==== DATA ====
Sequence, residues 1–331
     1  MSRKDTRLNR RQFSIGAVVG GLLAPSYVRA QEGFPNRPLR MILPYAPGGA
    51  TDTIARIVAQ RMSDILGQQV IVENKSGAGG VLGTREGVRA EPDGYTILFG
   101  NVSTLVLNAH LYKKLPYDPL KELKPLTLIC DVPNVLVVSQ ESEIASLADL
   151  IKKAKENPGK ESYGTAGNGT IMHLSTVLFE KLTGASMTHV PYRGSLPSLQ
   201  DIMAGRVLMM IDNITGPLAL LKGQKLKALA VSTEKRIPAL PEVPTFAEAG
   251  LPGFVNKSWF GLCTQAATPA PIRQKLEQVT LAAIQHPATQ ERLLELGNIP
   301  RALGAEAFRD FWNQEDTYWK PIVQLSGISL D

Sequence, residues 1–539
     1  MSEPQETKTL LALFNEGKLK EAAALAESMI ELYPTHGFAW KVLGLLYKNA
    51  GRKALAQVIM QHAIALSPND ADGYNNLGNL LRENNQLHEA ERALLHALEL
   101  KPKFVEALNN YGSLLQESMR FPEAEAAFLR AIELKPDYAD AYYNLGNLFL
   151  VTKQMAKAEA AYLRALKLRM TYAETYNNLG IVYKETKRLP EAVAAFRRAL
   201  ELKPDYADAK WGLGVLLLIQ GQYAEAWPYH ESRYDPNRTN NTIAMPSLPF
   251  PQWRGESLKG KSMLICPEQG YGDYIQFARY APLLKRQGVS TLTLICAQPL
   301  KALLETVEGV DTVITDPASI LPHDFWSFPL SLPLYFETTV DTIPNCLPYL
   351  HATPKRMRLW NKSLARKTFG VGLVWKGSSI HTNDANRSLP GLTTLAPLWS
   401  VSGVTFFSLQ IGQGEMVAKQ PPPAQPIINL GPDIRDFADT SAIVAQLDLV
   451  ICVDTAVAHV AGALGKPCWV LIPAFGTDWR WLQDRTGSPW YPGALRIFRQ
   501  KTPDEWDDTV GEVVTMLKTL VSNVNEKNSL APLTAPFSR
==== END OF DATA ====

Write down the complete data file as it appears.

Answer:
Sequence, residues 1–331
     1  MSRKDTRLNR RQFSIGAVVG GLLAPSYVRA QEGFPNRPLR MILPYAPGGA
    51  TDTIARIVAQ RMSDILGQQV IVENKSGAGG VLGTREGVRA EPDGYTILFG
   101  NVSTLVLNAH LYKKLPYDPL KELKPLTLIC DVPNVLVVSQ ESEIASLADL
   151  IKKAKENPGK ESYGTAGNGT IMHLSTVLFE KLTGASMTHV PYRGSLPSLQ
   201  DIMAGRVLMM IDNITGPLAL LKGQKLKALA VSTEKRIPAL PEVPTFAEAG
   251  LPGFVNKSWF GLCTQAATPA PIRQKLEQVT LAAIQHPATQ ERLLELGNIP
   301  RALGAEAFRD FWNQEDTYWK PIVQLSGISL D

Sequence, residues 1–539
     1  MSEPQETKTL LALFNEGKLK EAAALAESMI ELYPTHGFAW KVLGLLYKNA
    51  GRKALAQVIM QHAIALSPND ADGYNNLGNL LRENNQLHEA ERALLHALEL
   101  KPKFVEALNN YGSLLQESMR FPEAEAAFLR AIELKPDYAD AYYNLGNLFL
   151  VTKQMAKAEA AYLRALKLRM TYAETYNNLG IVYKETKRLP EAVAAFRRAL
   201  ELKPDYADAK WGLGVLLLIQ GQYAEAWPYH ESRYDPNRTN NTIAMPSLPF
   251  PQWRGESLKG KSMLICPEQG YGDYIQFARY APLLKRQGVS TLTLICAQPL
   301  KALLETVEGV DTVITDPASI LPHDFWSFPL SLPLYFETTV DTIPNCLPYL
   351  HATPKRMRLW NKSLARKTFG VGLVWKGSSI HTNDANRSLP GLTTLAPLWS
   401  VSGVTFFSLQ IGQGEMVAKQ PPPAQPIINL GPDIRDFADT SAIVAQLDLV
   451  ICVDTAVAHV AGALGKPCWV LIPAFGTDWR WLQDRTGSPW YPGALRIFRQ
   501  KTPDEWDDTV GEVVTMLKTL VSNVNEKNSL APLTAPFSR